This is my development perspective of these two projects and the current teams that are behind them. I'll try to be as neutral as possible between the two and let you come up with your own conclusion.
With the current iteration of Rage Multiplayer the sync is questionable. It is incredibly noticeable when you do any form of melee combat. Gun accuracy is non-existent and not that great at best. However, they are working towards a new synchronization solution that resolves most of these problems. There is no public evidence of the new sync handling more than 100+ players at a time and being stable.
With the current iteration of alt:V the sync is great. It noticeable from the get go that head shots land, that fist fights work, and evidently better than what GTA: Online has to offer. They are actively working and improving sync with each beta release.
The last RAGE:MP update was back in December of 2018. The developers are working on synchronization issues; but no public update has been release in over 6 months. It is unknown what other features the developers are working on at this time other than synchronization.
At the time of this post; the last update was released today for their development branch. They merge to the master branch quite often and are very transparent about the content they are working on.
It is non-existent; there is no information about what these developers are currently working on other than synchronization. In retrospect there are only two developers actively working on this project and they may not have time to answer everyone's questions.
These developers are very transparent about their road map which can be found in their various Github repositories. You just have to read the .MD files provided in this repository.
Rage:MP is a merger of the old GTANetwork project from 2-3 years ago with a combination of the existing Rage:MP project. This project has been in development for a long time.
Prior to alt:V it used to go under a few different names: FiveNet, and GTA:Orange. They pruned several developers from their team when the team was overly toxic. They've since completely changed their act and have made steady progress since these changes.
Rage:MP has a large community but no where near what FiveM has. alt:V is under that same umbrella of not having a community as large as FiveM. Both of these projects have their very own Discords and the developers actively post in each community.
On a personal note; getting help with development in each of the communities is a vastly different experience. In alt:V you can get your questions answered even on general development. In Rage:MP you'll get sub-par assistance with minor questions and potentially banned for asking arbitrary questions about general development.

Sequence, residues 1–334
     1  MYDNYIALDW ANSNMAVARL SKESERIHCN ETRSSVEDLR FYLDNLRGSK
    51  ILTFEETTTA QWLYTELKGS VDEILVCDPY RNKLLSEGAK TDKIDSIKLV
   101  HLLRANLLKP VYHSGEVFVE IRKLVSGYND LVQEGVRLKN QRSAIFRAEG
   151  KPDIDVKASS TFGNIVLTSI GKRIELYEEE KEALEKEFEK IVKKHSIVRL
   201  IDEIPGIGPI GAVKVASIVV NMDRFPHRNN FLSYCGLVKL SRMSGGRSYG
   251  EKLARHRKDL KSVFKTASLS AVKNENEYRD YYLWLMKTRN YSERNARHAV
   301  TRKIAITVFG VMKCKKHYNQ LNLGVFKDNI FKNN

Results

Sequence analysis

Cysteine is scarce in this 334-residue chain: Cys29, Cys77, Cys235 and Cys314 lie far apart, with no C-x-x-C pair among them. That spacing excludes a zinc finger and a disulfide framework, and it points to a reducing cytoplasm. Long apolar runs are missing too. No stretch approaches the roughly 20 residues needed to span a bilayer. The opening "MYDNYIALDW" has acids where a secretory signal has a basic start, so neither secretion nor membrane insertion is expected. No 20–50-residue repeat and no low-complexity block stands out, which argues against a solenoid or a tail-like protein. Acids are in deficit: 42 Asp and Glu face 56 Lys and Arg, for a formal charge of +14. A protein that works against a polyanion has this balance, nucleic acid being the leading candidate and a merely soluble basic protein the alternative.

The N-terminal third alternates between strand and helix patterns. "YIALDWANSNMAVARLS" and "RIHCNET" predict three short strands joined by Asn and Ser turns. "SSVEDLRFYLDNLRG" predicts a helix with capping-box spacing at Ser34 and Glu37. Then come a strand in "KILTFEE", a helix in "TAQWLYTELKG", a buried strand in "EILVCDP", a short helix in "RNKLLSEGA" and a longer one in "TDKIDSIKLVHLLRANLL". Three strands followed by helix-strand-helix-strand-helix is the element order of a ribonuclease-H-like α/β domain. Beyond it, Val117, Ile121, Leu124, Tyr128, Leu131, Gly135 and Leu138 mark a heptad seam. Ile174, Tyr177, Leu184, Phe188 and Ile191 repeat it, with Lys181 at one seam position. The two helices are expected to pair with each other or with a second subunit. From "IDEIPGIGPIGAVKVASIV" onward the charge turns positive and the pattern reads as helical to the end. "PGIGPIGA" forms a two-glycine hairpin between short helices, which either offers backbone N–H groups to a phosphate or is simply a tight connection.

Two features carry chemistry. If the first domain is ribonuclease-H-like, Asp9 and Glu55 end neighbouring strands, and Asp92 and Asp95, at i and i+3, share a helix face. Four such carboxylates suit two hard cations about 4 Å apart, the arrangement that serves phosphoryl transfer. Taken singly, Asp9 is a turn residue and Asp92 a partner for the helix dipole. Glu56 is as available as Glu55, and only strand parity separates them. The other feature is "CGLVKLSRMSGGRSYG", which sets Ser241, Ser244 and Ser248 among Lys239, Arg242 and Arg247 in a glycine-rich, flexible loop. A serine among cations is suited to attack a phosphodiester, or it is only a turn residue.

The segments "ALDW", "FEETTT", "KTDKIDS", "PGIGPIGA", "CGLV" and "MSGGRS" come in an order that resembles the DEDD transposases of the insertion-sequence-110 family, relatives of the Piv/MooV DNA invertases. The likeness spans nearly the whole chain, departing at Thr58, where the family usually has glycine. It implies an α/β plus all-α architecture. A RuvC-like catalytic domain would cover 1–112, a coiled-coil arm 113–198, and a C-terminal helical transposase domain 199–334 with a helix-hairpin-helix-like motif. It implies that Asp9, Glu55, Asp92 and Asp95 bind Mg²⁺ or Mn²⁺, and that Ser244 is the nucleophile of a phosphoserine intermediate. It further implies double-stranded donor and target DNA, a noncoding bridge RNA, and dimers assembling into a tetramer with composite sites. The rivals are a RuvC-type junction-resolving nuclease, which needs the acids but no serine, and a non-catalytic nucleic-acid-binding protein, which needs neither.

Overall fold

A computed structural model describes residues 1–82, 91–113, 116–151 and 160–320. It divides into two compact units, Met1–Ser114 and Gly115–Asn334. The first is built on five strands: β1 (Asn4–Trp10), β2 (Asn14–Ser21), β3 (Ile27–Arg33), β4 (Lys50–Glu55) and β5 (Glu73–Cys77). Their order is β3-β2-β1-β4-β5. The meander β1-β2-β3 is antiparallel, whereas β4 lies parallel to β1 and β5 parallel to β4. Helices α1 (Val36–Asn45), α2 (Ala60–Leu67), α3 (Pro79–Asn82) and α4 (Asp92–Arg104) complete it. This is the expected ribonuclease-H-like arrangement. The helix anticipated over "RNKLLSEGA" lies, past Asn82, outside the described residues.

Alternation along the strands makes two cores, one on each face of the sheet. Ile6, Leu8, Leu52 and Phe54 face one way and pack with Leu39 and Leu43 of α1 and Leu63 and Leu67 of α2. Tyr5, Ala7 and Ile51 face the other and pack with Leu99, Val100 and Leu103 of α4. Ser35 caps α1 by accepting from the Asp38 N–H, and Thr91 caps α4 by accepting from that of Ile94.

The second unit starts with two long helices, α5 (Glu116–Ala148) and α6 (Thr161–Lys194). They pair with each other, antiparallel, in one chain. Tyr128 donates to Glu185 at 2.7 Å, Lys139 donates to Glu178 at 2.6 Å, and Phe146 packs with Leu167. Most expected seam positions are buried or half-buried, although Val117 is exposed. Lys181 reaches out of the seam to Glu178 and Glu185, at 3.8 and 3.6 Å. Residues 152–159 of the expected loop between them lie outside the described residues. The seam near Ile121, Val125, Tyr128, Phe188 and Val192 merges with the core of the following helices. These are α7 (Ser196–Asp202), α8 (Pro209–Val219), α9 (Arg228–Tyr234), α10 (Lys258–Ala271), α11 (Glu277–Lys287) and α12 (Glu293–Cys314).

Example of incomplete pages: https://wiki.rage.mp/index.php?title=Client-side_CSharp_functions
alt:V takes a little bit of reading to get the initial setup of your resource started. When you download the server files you can also download examples as well; which helps out initially. There are various boiler plates available in their resources section to help you get the general feel of the structure of this client. Structure wise when you're working on a resource you can easily separate your client files and server files per resource. Which is great for organization. I have not experienced the C# side of this client yet; but others have had great experiences with it. There are also Type definitions available if you would like to work in Typescript and compile down to JS.
Initially RAGE servers take up plenty of CPU/RAM usage. If you don't have high-end hardware you mind your servers performance to be sub-optimal. Its hard to say what the general performance of the server is with more than 200+ players at a time.
There is a bit of information on the performance of alt:V. Colshapes take around 9KB of RAM and general CPU usage is very low. At 200 players you can roughly expect around 20% CPU usage, 150MB RAM usage, 3Mbps Outgoing Connection, 1 Mbps Incoming Connection. Which is incredibly low for the amount of players in the server.
While RAGE has been in development for quite some time; it falls flat on updates. They've failed to be transparent with their community about what they are currently working on and what their general road map is. There is no community input on the development path of RAGE. We have no idea what to expect from this team in the future. We've even seen an entire server completely unable to broadcast their server to the RAGE master-list after the owner was banned from their Discord. Getting started with Rage:MP is a generally painless process but depending on which language you choose; you will find the information to be slightly out of date.
Project alt:V may been the new kid on the block; but they have been consistent on their updates and kept the communities best interests in mind. As well as worked constantly towards updating their client as often as possible. Usually a new development update is available every day. They even speak to their community about how different API features should be handled with various opinions being discussed. You can even find one of the developers streaming what they are working on from time to time. From a development perspective it took a little bit for me to get started; but that's because I was completely used to development with RAGE. I can safely say that my experience with alt:V so far has been refreshing.